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United States. Office of Indian Affairs / Annual report of the Commissioner of Indian Affairs, for the year 1879
([1879])

Reports of agents in Wisconsin,   pp. 159-166 PDF (3.6 MB)


Page 160

160              REPORTS OF AGENTS IN         WISCONSIN. 
odist missionary; the third, by Miss Mary Ford; the fourth, by Fred. A. Cornelius,
an 
Oneida Indian and a graduate of Lawrence University. The last two named receive
no compensation from the government for their services. 
Crime and drunkenne88. 
From the peculiar situation of the agent, being on the Menomonee Reserve,
some 
forty miles distant, he cannot see or hear of as much as he-ought to, and
many get 
off scot-free. It is only the most aggravating cases that are brought to
his attention. 
Two cases of liquor selling have recently been prosecuted in the United States
court and 
the parties are suffering the penalty. 
THE MENOMONEES 
are now about through with their harvest, and by referring to my statistics
you will 
observe a very handsome yield. Everything did splendidly this year except
the wheat 
crop; a dry rust struck it in July and ruined almost all of it. Corn, oats,
and rye all 
yielded well. Great care and attention was given by almost every family to
the cul- 
tivation of vegetable gardens, and their labors have met with marked success.
Their 
Grist-mill 
has ground during the past year a trifle over 3,000 bushels of rye and wheat;
or rather, 
I should say, mashed that amount, for the mill has been fifteen years without
any im- 
provements or repairs of any consequence being made; it is now, however,
being 
thoroughly overhauled by an experienced millwright, and in the course of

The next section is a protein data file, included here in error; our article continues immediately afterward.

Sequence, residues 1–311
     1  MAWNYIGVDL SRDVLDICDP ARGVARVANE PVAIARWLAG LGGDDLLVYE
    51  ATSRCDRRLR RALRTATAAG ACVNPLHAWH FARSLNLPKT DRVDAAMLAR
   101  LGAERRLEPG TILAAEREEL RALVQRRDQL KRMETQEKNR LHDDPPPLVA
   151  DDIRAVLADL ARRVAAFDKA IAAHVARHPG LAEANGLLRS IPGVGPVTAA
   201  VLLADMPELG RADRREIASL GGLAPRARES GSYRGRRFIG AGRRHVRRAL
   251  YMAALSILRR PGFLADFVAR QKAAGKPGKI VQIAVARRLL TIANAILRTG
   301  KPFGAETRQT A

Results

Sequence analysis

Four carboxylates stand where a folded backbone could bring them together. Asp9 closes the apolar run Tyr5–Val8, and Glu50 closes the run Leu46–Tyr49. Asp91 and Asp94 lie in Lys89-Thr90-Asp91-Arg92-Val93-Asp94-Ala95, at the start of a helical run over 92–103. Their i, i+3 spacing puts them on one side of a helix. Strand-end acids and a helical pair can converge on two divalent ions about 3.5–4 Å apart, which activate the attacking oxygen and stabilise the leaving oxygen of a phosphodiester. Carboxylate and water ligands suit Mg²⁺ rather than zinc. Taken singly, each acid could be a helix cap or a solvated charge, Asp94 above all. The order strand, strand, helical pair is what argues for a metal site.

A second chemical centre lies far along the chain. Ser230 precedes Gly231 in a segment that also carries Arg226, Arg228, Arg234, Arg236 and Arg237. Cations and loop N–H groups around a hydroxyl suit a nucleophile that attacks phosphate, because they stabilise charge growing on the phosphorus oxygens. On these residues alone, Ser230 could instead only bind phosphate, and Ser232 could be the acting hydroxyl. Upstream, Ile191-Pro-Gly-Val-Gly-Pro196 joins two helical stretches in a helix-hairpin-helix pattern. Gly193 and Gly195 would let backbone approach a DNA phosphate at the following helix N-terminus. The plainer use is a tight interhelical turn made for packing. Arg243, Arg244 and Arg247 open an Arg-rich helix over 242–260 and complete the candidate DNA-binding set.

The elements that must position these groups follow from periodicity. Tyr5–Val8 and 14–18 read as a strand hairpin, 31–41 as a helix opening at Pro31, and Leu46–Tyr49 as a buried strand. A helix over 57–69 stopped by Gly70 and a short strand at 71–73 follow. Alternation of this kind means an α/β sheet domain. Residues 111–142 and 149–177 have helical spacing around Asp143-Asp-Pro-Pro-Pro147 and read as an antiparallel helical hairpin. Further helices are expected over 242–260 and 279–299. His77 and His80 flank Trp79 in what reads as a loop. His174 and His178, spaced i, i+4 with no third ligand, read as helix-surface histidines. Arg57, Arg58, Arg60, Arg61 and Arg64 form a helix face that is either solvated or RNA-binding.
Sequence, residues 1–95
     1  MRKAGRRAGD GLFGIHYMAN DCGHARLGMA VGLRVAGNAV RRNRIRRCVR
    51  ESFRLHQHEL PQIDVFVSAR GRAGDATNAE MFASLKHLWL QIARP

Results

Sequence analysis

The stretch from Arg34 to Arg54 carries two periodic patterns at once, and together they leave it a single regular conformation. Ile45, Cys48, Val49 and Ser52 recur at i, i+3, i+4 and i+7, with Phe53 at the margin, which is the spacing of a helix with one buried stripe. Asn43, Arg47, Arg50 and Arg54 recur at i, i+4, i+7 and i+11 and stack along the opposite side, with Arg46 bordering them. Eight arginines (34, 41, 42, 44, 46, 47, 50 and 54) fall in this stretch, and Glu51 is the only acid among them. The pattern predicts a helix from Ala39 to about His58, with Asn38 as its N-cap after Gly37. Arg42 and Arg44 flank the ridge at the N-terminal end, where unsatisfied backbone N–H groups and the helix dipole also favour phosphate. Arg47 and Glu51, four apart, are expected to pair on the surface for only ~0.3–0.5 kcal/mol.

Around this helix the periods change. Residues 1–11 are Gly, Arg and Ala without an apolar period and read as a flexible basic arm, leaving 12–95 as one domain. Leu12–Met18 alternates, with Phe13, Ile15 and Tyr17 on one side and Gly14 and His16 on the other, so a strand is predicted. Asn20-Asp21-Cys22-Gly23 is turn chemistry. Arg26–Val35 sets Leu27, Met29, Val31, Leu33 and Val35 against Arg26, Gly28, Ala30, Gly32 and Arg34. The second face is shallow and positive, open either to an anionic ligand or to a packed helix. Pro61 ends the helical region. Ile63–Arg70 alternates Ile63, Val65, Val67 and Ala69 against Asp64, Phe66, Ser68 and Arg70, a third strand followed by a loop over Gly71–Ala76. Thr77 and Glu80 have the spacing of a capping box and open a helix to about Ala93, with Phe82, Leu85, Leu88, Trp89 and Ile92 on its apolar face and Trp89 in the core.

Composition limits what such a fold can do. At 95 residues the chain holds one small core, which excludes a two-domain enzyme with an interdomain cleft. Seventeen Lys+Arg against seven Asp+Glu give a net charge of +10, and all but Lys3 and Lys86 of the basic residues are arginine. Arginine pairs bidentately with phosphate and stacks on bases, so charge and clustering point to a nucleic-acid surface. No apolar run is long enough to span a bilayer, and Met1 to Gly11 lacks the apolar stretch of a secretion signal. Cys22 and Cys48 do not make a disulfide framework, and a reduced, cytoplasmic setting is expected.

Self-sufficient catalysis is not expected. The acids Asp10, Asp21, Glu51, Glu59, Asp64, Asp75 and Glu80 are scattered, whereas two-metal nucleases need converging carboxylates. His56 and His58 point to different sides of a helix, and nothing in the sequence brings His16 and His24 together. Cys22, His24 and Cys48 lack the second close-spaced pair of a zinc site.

three weeks 
more we expect to have a mill capable of making as good a straight grade
of flour as 
anybpdy's, for which the nation at large will rejoice. Their 
,9audmil 
has turned out 287,402 feet of lumber, some of which was issued to Indians
to build 
houses, and sheds for wagons and implements, and the balance sold by my predeces-
sor to citizens adjacent to the reservation. 
Schools. 
The scholars of the industrial boarding-school have made commendable progress
in 
their studies the past year; present indications are that no difficulty will
be expe- 
rienced in having a full attendance the coming year. The accommodations,
however, 
are very limited and ought to be doubled by the erection of another building.
The health 
of the tribe for most of the year has been good, until within the past two
months 
whooping-cough and measles have carried off a number of children. The diseases
seem 
now to be narrowing down, having had their run. 
Moral and religious. 
The standard of morals is steadily advancing. The Catholics are the only
religions 
denomination on the Menomonee Reserve; they have two churches, with a membership
of about one-half the tribe. 
Crimes and misdemeanors 
committed the past year have been very few. The worst thing to contend with
is the 
liqnor-traffle; eighteen complaints have been sent to-the United States district
attor- 
ney for the prosecution of persons selling and giving liquor to Indians,
and several 
warrants are now in the hands of the United States marshal for their arrest.
I an 
determined to make vigorous war against this cldss of offenders, and hope
to bring 
to punishment more than usual by the aid of the 
United States Indian jpolice, 
which is just now being organized here for the first time. There will be
some sta- 


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